The Stain on the Yellow Wall

Aug 14, 2014 Comments Off on The Stain on the Yellow Wall by

By Martín Caamaño

Translated by Frances Riddle

 The Stain on the Yellow Wall

The following is an excerpt from Martín Caamaño’s 2009 novel Pálido reflejo (Pale Reflection).


It wasn’t the first time that it had happened to me: to cross the mirrored door at Arrivals in the Rio de Janeiro International Airport and find that no one was there waiting for me. The first time had been a long time ago and I wasn’t alone. I was traveling, ironically, with Soledad, my maternal grandmother. I was eight and I hadn’t seen my father for two years. I remember that in those days I went to Dr. Nancy’s office once a week and one fine day (shortly before traveling) she asked me to make her a drawing of dad. After sketching a fairly accurate and fairly attractive portrait of his body, when it came time to draw the details of his face, I asked the nice Nancy where the mustache went, above or below the nose.

My parents separated without making much noise when I was five years old. My father’s recurrent infidelities, which the whole world knew about, except mom, were the cause. A spiteful neighbor opened her mouth and pulled the wool from her eyes. When mom confronted dad he didn’t deny anything, which made things much simpler. From that day on, or more accurately that night, he did not return to sleep at home and the next year he went to Brazil. Two years later I went to visit him for the first time. 

Now I was back at that airport with no one waiting for me, but the circumstances had changed: I was alone and I was no longer a stranger. For seventeen years I had traveled to Rio de Janeiro every summer. I spoke decent Portuguese and I understood everything that was said around me. Since dad left I had gone against Paracelsus’s motto: “Be not another, if you can be yourself.” My secret motto went: “Why be yourself if you can be another” and I had grown up with it. But that summer Paracelsus had intervened and seemed to win the war after having lost all the battles. I arrived in Rio de Janeiro with a motto of my own authoring, convinced that “You can only be yourself.” All my life I had lived in error. This is what I was thinking when I crossed the mirrored door of Arrivals at the Rio airport. With time I had become accustomed to that waiting game and the anxiety of the metallic open and close of the automatic doors that signaled the passage to the other side, and the chance that upon crossing, you might not find what was hoped for. When I didn’t see my father, far from worrying, I went to the closest public phone and I called him collect on his cell. Marina, his wife, answered. I asked her where they were. She told me they were ten minutes from the airport, that the police had stopped them, that there had been a problem with the car’s papers but that I shouldn’t worry, that they were almost there. So I sat on a bench, opened the book that I had been reading on the flight and started to wait. That summer Dad died.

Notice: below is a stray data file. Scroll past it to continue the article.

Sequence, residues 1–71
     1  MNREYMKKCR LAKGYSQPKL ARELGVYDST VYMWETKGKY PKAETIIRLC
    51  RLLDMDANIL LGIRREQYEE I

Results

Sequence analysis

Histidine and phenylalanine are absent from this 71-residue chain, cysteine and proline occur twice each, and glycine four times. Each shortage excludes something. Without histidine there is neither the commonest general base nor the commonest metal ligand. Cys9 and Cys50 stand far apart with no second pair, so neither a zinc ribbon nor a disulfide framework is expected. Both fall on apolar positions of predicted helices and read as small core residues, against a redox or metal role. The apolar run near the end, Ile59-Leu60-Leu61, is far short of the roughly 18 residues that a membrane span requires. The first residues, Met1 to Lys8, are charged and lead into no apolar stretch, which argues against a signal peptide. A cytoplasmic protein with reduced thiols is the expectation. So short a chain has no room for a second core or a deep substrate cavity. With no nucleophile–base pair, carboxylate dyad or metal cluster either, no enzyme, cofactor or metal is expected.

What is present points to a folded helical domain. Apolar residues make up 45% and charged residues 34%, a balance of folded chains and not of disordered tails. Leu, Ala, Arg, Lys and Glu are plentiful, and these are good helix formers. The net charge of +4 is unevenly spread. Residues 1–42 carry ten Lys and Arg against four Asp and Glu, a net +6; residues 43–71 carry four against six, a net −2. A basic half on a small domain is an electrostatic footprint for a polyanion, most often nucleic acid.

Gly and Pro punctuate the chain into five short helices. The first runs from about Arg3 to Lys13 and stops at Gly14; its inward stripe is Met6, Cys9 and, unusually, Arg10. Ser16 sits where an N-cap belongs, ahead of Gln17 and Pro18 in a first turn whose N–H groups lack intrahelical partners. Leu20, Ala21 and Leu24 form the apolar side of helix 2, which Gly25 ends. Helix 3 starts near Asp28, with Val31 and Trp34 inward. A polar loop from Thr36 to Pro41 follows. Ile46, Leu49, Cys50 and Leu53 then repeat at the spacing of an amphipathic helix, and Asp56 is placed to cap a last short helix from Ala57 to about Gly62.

Martin Caamaño was born in Buenos Aires in 1980. He is a writer and musician. He has played guitar in the band Rosal since 2003 and together they have recorded five albums. In 2009 he published his first novel Pálido reflejo (Pale Reflection) through the Madrid based publishing house Lengua de Trapo. He studies Literature at the University of Buenos Aires where he is a member of the Department of Brazilian and Portuguese Literature. He translates from the Portuguese and contributes articles on cinema, music, and literature to various publications. He is currently finishing his second novel.



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